by John L. Esposito and Sheila B. Lalwani, for the San Francisco Chronicle:

The Pew Center on Religion & Public Life recently released a comprehensive study of Muslim populations around the world that should allay fears among many of an impending global Muslim takeover and debunk widely held beliefs about Muslims. The findings of “The Future of the Global Muslim Population: Projections for 2010-2030” should also challenge the public to reconsider its perception of Islam and Muslims.

Skeptics, particularly those in Europe and North America, have long sounded alarm bells regarding the growth of the Muslim population.

(more…)

By John Esposito, for the Washington Post:

One of the frequent battle cries raised by those who warn that Muslims want to overwhelm the West is that that Muslims want to impose Shariah in America and Europe. Just as critics of Islam in the West question whether Islam is compatible with democracy and Muslims can be loyal citizens, many Muslims, in light of the rise and increase of Islamophobia and threats to their civil liberties, ask if democracy can accommodate Islam. Others, Some Muslims in the West in light of have also questioned, for different reasons, whether they could be both good Muslims and loyal citizens in of “foreign” non-Muslim states based on a Western secular laws? More isolationist and militant Muslims tend to associate Western countries and societies with kufr, unbelief, and look upon its citizens as unbelievers to be avoided, converted or attacked.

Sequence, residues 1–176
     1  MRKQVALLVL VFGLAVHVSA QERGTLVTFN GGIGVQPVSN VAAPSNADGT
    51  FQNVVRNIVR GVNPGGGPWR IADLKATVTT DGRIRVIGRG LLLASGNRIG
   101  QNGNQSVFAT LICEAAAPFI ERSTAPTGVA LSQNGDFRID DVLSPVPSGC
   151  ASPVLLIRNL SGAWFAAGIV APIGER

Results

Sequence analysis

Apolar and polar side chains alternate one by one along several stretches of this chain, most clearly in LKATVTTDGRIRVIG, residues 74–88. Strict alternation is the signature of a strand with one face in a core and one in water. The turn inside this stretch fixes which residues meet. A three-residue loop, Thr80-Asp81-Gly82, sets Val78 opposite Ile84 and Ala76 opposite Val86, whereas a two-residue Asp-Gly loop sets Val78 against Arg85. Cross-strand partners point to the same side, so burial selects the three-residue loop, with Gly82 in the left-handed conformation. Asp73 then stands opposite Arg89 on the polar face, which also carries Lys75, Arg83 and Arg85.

While devout Jews can follow Jewish law and Christians follow their doctrines and laws and be at the same time fully American citizens, can Muslims? What is the relationship of the need to follow Shariah to Muslims living in non-Muslim societies? Is there something peculiar about Islam that presents Muslim from living in a secular pluralistic America or Europe?

(more…)

From the Economist:

HOW likely are French parliamentarians to approve the proposed “burqa ban”? Deputies get their first chance to debate the idea in parliament on Tuesday May 11th. As a first step, the National Assembly will examine a resolution, which carries symbolic value, but not legal force. Yet it will be a good test of the political mood. It is likely to be approved with thunderous cross-party support.

French backing for a burqa ban across the political spectrum is sometimes hard to understand. In many multicultural quarters of Europe, the idea is linked to the extreme or nationalist right. In Britain, for instance, the only party proposing a total burqa ban during the recent general-election campaign was the United Kingdom Independence Party, which also wants to pull the country out of the European Union. The far-right British National Party also called for a burqa ban in schools. One Labour minister replied that it was “not British” to tell people what to wear in the street. In a speech in Cairo last year, President Barack Obama argued that Western countries should not be “dictating what clothes a Muslim woman should wear”.